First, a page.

Former president Donald Trump has officially backed Ohio representative Jim Jordan to succeed Kevin McCarthy as speaker of the House, after hinting that he might accept the role for himself “if necessary”.
“Congressman Jim Jordan has been a STAR long before making his very successful journey to Washington, DC, representing Ohio’s 4th Congressional District,” Mr Trump wrote on his Truth Social site.
“He will be a GREAT Speaker of the House, & has my Complete & Total Endorsement!”
Before Mr Trump’s announcement, Texas representative Troy Nehls had already said on Thursday night that the former president had decided to back Mr Jordan‘s bid.
“Just had a great conversation with President Trump about the Speaker’s race. He is endorsing Jim Jordan, and I believe Congress should listen to the leader of our party,” Nehls wrote late Thursday on X, formerly known as Twitter.
The endorsement from Mr Trump comes as a deeply divided Republican party struggles to find a successor after the historic ousting of Mr McCarthy.
Mr Jordan confirmed on Wednesday morning that he is running for the role of speaker of the House after Mr McCarthy’s ousting.
As one of the staunchest members of the far-right, MAGA arm of the Republican party, Mr Jordan is known for founding the right-wing Freedom Caucus in 2015. He continues to serve as chairman of what has become known as the most right-wing caucus in the GOP party, with a record that includes trying to dismantle the Affordable Care Act multiple times.
Following Mr Trump’s loss in the 2020 presidential election, Mr Jordan played a key role in efforts to overturn the results – and for the former president to stay in power against the will of the American people.
He has also admitted that he and Mr Trump spoke on the day of the January 6 Capitol riot – but refuses to reveal the nature of the calls.
Even faced with a subpoena, he refused to cooperate with the House select committee investigating the Capitol insurrection and so many questions remain unanswered to this day about his actions on and around that day.
Despite his controversies, he has risen up the GOP ranks in recent years with Mr McCarthy making him chair of the powerful Judiciary Committee back in February.
Mr Jordan will face competition from Steve Scalise, who currently serves as House majority leader and also entered the race.
Amid several other names being floated, some GOP members loyal to Mr Trump, including Mr Nehls and Marjorie Taylor Greene, have called for the former president to take up the role himself.
Mr Trump has revelled in this proposal, resharing the calls for him to take the gavel and boasting that many lawmakers want him.
Just had a great conversation with President Trump about the Speaker’s race.— Congressman Troy E. Nehls (@RepTroyNehls) October 6, 2023
He is endorsing Jim Jordan, and I believe Congress should listen to the leader of our party.
I fully support Jim Jordan for Speaker of the House.
“I have been asked to speak as a unifier because I have so many friends in Congress,” Mr Trump told Fox News Digital. “If they don’t get the vote, they have asked me if I would consider taking the Speakership until they get somebody longer-term because I am running for president.
“They have asked me if I would take it for a short period of time for the party until they come to a conclusion – I’m not doing it because I want to – I will do it if necessary, should they not be able to make their decision,” the former president told the outlet.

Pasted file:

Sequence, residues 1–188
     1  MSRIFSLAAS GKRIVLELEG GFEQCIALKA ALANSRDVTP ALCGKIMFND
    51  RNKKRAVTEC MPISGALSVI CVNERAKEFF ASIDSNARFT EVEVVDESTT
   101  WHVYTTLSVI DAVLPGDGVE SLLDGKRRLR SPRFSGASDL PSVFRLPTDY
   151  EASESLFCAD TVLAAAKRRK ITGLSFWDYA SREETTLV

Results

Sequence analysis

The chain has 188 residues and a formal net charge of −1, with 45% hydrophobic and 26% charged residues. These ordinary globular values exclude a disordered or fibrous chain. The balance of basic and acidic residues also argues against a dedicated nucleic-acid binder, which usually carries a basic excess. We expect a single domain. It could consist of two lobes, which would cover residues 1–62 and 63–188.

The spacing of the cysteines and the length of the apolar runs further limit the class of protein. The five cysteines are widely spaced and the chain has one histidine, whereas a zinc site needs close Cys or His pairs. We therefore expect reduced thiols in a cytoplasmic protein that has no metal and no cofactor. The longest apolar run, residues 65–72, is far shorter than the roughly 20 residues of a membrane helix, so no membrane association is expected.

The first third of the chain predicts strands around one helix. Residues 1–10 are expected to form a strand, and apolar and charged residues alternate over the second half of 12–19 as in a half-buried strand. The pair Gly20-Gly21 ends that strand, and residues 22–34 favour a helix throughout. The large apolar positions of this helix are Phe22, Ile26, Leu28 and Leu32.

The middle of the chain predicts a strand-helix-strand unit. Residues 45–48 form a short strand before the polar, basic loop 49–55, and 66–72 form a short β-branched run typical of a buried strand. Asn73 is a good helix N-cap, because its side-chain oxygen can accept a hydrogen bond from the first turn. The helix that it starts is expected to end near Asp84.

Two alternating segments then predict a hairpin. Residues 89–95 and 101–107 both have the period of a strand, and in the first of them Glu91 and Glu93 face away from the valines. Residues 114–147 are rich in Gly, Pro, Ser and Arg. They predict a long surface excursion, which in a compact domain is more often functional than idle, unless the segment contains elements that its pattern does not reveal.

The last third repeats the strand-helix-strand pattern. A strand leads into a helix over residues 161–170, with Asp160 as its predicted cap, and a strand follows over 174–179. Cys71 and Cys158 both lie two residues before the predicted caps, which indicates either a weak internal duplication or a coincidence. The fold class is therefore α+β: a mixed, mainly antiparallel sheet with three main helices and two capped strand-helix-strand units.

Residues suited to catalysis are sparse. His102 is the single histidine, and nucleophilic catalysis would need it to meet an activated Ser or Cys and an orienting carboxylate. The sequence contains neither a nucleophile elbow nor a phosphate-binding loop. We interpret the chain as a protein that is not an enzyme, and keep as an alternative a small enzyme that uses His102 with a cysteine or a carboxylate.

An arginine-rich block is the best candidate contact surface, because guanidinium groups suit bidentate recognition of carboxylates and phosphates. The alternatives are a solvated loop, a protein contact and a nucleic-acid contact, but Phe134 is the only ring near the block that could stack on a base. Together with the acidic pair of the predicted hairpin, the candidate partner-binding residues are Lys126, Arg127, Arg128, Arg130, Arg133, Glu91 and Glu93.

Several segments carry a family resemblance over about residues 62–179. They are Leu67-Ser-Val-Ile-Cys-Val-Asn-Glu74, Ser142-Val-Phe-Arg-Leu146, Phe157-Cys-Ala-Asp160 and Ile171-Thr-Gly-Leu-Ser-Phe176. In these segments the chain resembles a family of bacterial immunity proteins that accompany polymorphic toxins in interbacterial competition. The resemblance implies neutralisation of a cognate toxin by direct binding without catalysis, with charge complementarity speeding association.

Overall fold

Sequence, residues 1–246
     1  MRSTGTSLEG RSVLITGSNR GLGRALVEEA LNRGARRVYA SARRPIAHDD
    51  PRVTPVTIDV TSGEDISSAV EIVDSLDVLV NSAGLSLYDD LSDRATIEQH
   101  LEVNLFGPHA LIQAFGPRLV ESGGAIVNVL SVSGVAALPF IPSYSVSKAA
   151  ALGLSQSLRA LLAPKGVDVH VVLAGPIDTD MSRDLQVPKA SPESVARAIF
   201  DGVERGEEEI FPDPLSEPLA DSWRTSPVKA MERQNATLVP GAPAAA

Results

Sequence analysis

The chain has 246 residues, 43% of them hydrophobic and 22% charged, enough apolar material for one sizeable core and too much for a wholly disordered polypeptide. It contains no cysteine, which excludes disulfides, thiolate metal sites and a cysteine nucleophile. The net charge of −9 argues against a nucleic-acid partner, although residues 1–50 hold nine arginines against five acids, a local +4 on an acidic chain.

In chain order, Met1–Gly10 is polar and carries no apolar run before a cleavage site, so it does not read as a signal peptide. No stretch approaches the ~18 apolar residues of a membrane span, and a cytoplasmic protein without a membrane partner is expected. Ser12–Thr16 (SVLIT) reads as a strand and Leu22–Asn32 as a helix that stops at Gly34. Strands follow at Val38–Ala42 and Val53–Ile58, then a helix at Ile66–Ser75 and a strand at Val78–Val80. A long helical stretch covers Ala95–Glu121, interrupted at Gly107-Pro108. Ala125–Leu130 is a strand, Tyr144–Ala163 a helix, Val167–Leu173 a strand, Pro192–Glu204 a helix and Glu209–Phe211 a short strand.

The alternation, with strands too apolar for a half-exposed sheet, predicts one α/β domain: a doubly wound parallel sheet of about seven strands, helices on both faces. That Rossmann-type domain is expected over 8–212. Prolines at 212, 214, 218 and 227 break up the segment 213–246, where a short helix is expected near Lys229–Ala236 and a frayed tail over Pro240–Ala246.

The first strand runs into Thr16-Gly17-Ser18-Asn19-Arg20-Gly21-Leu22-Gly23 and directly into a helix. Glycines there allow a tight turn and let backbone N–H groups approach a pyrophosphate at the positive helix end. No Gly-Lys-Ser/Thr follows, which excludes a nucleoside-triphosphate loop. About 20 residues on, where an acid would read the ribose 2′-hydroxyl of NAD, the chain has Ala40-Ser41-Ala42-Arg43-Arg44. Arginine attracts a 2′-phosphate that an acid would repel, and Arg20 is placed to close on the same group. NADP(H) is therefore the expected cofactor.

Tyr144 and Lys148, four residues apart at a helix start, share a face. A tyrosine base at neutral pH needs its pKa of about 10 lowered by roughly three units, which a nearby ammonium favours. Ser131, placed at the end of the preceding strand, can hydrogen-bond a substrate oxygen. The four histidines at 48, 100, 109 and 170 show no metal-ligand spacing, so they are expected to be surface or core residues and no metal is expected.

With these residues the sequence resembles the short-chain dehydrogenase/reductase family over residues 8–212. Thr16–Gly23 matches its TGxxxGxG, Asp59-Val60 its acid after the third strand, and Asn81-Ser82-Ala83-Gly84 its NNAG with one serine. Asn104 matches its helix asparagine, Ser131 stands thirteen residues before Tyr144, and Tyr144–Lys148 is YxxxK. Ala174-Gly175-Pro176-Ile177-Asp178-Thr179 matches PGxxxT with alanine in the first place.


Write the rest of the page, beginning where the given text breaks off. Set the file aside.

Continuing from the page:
He also suggested that he could travel to the US Capitol to help in the process – a visit that would mark his first time back there since the January 6 riot.
Under the rules of Congress, the speaker does not have to be a current sitting member in the House. That said, every speaker in the history of the US so far has been.
Mr Trump’s allies in the lower chamber have previously touted him as a possible candidate.
Back in January, when Mr McCarthy was struggling to get enough votes from his own party to secure his speakership, Mr Gaetz protested by casting his vote for Mr Trump.
In what marked a remarkable and historic day for the lower chamber of Congress, Mr McCarthy was ousted on Tuesday as speaker of the House less than nine months after he was elected in February.
Marjorie Taylor Greene takes a photo with Kevin McCarthy after he was elected Speaker of the House in February
In total, eight Republicans voted to remove him – joining all Democratic members of the House and culminating in a 216-210 vote to vacate.
The eight Republican breakouts were: Reps Andy Biggs, Ken Buck, Tim Burchett, Eli Crane, Bob Good, Nancy Mace, Matt Rosendale, and ringleader Mr Gaetz.
This marks the first time in American history that a speaker has been ousted by other lawmakers – and comes at a time of turmoil in the Republican party.
Mr Gaetz had called the vote in outrage that Mr McCarthy struck a deal with Democrats to avert a government shutdown that could have temporarily shuttered key services for American people and furloughed federal workers
Speaking at a press conference after his removal on Tuesday, Mr McCarthy said that he will not run for his old job again – and cast doubts on his future within the House of Representatives at all.
“It was personal,” he said of Mr Gaetz’s plot to oust him.
Now, while the party nominates new candidates, North Carolina Rep Patrick McHenry will preside as speaker pro tempore.
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